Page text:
An exciting expat life is waiting for your family!
An exciting expat life is waiting for your family! (Photo credit: SomeMeans,

Learn more about moving abroad.

Thinking about making the leap to becoming an expat? If you’ll be moving to a country where a different language is spoken, then be sure to read this list of eight compelling reasons to learn a new language.

Decide if expat life is right for you by reading about the experiences of other expats. Many of the books on this list of best travel memoirs were written by expats who share their adventures of living abroad with beautiful descriptions and exciting details.

For those interested in moving to a foreign country, but not sure where they’d like to live, read A Better Life at Half the Price. The book discusses the benefits and pitfalls of living abroad. The author provides detailed descriptions of a wide variety of affordable countries, based on his personal experience and interviews with other expats. 

Tips for Expats - What to Know Before You Move Abroad

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Have you ever lived in a foreign country? What questions or expat tips do you have? Let us know in the comments below!

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  1. Great points! We moved from Vancouver, Canada to London, England and lived there for 7 years, came back to Vancouver and now 5 years on we’re moving to Germany. I think what I’d also say is if you stay for awhile and then move back – ‘home’ will be quite different and you will be too. It can be a hard adjustment. It’s not just slotting back into your old life. I found that culture shock harder than going to other way, to be honest.

    I second what others have said about embracing where you are and looking for local foods you like. Try and research that, and try it out before you go if you can. If you can, get connected with friends of friends already there – a lovely woman who was a good friend of an old colleague in London took the time to Skype with us from Munich to answer questions about specific neighbourhoods. It was so helpful.

  2. Katie- that is insanely high. And yes- sometimes I wonder if no matter how long we’re here we can never travel enough. I find myself stressing on weekends we are just home wondering ‘what should we be doing??’

    And Laurel- that’s a great idea, I never thought of that!!

  3. I would add get tax advice. Taxation when we lived in London was especially complicated and HIGH. You’ll need to figure out if you’re going to sever state residency or not. If you live in California, paying an extra 9% plus UK tax plus AMT is massive. And, travel as much as possible. We traveled a lot while overseas (7 years!) but it now doesn’t feel like it was enough.

  4. Michele I was amazed at how helpful Twitter and blogs were prior to our move- and now here months later as well.

    And freaking out is completely normal (you’re so right!) I remember going through that last day in a total haze- I think that was a self-defense mechanism. How strange to board a plane and leave your life behind!

  5. Stellar advice, both in the post and the comments! When we were getting ready to move to Malaysia from Texas, I found connecting through social media to be extremely helpful. Future expats should also know that it’s normal to completely freak out, whether it’s before you get on the plane or even a few months after you’ve arrived at your new home.

  6. Andrea- I almost drove myself insane when comparing my washer/dryer from back home. The size! The speed! And here I should just be thankful to have one 🙂 Thanks for the tips!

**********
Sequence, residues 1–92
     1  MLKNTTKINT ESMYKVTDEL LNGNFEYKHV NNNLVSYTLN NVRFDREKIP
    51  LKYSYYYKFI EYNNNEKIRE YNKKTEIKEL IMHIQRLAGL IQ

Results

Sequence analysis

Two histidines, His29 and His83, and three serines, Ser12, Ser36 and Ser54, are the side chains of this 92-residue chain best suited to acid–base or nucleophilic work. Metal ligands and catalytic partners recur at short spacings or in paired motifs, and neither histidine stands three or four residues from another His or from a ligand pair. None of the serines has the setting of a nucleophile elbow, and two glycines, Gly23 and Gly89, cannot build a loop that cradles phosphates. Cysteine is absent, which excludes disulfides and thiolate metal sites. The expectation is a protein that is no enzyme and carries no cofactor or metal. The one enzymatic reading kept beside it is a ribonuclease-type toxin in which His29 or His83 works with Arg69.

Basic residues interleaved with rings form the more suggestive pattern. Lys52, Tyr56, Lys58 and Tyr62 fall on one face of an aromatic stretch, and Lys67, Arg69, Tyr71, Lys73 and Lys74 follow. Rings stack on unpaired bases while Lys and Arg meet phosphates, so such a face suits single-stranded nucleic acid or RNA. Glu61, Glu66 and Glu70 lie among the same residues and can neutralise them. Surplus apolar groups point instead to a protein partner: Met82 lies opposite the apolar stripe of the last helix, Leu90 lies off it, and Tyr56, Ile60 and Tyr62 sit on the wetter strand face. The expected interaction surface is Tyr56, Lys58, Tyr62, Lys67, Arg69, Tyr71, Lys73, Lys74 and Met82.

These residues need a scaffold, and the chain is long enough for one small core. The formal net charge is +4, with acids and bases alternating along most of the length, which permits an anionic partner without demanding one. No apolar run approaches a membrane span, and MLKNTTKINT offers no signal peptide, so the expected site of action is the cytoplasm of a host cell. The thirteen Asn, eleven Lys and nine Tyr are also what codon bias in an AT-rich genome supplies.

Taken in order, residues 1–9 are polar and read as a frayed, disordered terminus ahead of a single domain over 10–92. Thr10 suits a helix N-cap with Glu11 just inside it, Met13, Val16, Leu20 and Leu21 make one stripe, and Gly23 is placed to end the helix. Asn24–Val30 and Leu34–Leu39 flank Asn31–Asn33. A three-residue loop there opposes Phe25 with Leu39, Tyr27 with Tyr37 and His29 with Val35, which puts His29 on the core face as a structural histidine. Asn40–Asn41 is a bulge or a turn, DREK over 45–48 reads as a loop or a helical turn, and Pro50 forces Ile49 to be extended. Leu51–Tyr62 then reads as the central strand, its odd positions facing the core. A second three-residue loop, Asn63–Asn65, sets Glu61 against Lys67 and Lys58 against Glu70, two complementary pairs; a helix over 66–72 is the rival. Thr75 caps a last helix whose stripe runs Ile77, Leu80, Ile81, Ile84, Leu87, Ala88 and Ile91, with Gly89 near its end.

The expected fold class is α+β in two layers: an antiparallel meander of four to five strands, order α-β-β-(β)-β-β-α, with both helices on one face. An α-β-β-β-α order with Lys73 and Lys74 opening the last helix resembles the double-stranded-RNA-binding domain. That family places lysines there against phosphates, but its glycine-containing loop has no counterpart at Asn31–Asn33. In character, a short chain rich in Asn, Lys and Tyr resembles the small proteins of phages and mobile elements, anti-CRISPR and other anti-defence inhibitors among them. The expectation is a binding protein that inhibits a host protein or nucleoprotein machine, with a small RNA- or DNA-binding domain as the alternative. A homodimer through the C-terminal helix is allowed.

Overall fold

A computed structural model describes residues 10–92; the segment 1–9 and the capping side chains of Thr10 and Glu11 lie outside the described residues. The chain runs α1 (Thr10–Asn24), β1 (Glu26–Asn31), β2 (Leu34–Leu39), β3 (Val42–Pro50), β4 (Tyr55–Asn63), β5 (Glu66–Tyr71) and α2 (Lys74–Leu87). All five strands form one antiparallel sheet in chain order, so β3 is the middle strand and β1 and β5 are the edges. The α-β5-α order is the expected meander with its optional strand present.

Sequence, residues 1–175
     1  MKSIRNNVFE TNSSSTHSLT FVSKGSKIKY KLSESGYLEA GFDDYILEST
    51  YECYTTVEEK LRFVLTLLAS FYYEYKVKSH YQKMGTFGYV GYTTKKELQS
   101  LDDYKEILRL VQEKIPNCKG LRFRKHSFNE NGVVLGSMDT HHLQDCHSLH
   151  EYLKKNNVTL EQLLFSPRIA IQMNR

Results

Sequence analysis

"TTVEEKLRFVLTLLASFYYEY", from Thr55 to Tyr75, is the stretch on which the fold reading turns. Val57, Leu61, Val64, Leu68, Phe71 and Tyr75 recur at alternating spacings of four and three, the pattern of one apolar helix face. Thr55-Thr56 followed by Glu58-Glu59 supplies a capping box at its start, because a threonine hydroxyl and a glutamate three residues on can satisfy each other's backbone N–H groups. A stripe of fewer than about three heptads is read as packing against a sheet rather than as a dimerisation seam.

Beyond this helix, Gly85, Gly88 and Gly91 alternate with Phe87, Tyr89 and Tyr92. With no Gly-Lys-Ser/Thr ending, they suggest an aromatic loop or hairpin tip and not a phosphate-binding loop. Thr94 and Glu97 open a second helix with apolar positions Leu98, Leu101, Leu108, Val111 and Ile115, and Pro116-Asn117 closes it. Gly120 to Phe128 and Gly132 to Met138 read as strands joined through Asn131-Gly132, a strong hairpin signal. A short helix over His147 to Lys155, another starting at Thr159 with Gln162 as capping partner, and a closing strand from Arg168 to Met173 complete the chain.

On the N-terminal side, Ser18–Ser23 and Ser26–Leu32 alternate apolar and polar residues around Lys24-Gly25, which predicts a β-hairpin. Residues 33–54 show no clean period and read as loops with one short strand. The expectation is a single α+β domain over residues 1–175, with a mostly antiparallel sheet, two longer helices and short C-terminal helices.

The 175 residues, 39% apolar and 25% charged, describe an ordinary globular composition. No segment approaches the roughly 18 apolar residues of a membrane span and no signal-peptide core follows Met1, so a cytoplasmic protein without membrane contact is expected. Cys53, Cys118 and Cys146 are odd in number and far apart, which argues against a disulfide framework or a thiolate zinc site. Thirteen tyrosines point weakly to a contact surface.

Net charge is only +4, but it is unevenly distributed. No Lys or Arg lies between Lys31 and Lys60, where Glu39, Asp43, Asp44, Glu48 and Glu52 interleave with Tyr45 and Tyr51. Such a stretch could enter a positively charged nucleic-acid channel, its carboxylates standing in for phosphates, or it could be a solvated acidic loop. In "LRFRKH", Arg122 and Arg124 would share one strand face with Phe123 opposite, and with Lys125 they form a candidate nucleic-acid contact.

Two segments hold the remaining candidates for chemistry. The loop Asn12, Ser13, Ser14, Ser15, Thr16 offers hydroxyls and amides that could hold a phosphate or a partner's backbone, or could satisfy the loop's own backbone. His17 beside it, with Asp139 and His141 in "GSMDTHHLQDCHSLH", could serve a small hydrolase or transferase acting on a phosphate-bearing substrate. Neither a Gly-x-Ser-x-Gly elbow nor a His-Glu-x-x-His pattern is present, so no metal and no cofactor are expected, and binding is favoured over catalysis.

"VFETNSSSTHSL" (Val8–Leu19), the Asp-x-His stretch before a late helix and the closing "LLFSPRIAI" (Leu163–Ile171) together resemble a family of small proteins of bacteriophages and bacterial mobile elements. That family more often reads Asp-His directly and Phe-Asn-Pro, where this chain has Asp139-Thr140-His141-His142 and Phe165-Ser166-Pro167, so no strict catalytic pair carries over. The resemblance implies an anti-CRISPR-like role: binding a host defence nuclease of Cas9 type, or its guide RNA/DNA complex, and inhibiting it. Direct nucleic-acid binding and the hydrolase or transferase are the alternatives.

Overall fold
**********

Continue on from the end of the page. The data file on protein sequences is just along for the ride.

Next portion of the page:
Wandering Eductors & Keryn thank you both for your comments as well. I honestly do not think I could have done this without the support of our company. They were such good sports, they also play a role in our upcoming House Hunters episode. I love them and still keep in touch.

    Jessica- feel free to email me with any questions! We are here with my husband’s work visa, but also hope for an extension. I can try to answer any specific questions you like!

    Dorine- very good points. Whereas I have not had any serious or negative issues with culture shock- mostly because in The Netherlands English is widely spoken AND accepted- I have a friend in Germany who has struggled a great deal. I was very concerned about experiencing a homesick depression as well- but I think due to our location I did not need to worry. You are SO right with staying away from McDs- the great thing is that there are so many fewer of them here, it’s not as tempting- not to mention you aren’t really driving as much so drive throughs are a thing of the past! Thanks for the great comment and perfect insight!

  7. Learn what culture shock is and its stages. Accept the fact that it will hit your second or third month, and, like the common cold, be inevitable and incurable. However, if handled properly, it passes on its own, like the common cold, and by the time the first year is out, you can expect to find yourself adjusted to the new culture. During months 4-6, when it is in its acute phase, confine your grousing to other expats, who understand and will not be as offended as the locals by your great unhappiness with their seemingly incomprehensible and stupidly thought out local customs. Remember that your cherished customs from home look just as incomprehensible and stupid to expats here. Embrace the adventure of the new culture, and embrace new foods rather than trying to recreate your lifelong foods by traveling far and wide and spending exorbitant sums to buy items hard to find in your new country. Stay away from McD’s and seek out local treats!

  8. Hello! Thank you for the great advice! I have a couple of questions! How did you get a visa? Was it a work visa? I hope you don’t sharing that info. I am wanting to move over there and just want to know the right channels i have to go though!
    Thank you for your time!

  9. Excellent tips I’ll be passing on to a few friends that are about to and have already gone expat. I would have never thought of using a relocation company. And I like Andrea’s tips on the grocery store and not comparing things to US prices and doing exchange rates in your head. Even when we travel I can’t think this way. I just know our budget ahead of time and work that way.

  10. I was an expat in London for 3 years, and I would say a few things – one, don’t compare prices to the US. It will drive you crazy and you will always think everything is super expensive (in certain countries!). Don’t compare ‘things’, like how your kitchen/fridge/washer was better in the US, instead figure out how to live with what you have. And dedicate some time to explore the grocery store, I stood and cried the first time I went because I couldn’t figure out where my usuals were, but once I took the time to explore it was very helpful!